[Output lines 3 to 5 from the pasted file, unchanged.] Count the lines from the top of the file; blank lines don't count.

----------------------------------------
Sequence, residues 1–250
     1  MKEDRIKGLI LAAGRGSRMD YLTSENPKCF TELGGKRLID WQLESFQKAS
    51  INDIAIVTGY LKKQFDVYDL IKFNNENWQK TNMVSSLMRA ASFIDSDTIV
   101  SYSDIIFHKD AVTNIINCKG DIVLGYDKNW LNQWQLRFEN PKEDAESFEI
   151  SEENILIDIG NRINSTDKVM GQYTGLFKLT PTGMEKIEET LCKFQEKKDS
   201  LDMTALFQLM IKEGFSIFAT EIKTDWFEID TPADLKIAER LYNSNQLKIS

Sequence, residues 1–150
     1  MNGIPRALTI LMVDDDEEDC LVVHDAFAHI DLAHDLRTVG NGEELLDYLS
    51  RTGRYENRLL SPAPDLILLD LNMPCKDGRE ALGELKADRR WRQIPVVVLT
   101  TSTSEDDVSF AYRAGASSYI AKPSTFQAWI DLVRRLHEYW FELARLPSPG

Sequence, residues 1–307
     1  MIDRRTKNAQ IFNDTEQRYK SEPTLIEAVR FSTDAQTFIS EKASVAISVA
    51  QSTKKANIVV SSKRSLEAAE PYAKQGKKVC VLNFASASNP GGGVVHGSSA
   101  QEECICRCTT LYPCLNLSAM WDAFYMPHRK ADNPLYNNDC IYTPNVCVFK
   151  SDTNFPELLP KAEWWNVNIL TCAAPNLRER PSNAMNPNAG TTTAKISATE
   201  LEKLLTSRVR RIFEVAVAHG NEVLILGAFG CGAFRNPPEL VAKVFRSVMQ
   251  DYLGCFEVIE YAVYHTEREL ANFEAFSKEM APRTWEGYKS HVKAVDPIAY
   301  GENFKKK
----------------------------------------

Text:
    51  INDIAIVTGY LKKQFDVYDL IKFNNENWQK TNMVSSLMRA ASFIDSDTIV
   101  SYSDIIFHKD AVTNIINCKG DIVLGYDKNW LNQWQLRFEN PKEDAESFEI
   151  SEENILIDIG NRINSTDKVM GQYTGLFKLT PTGMEKIEET LCKFQEKKDS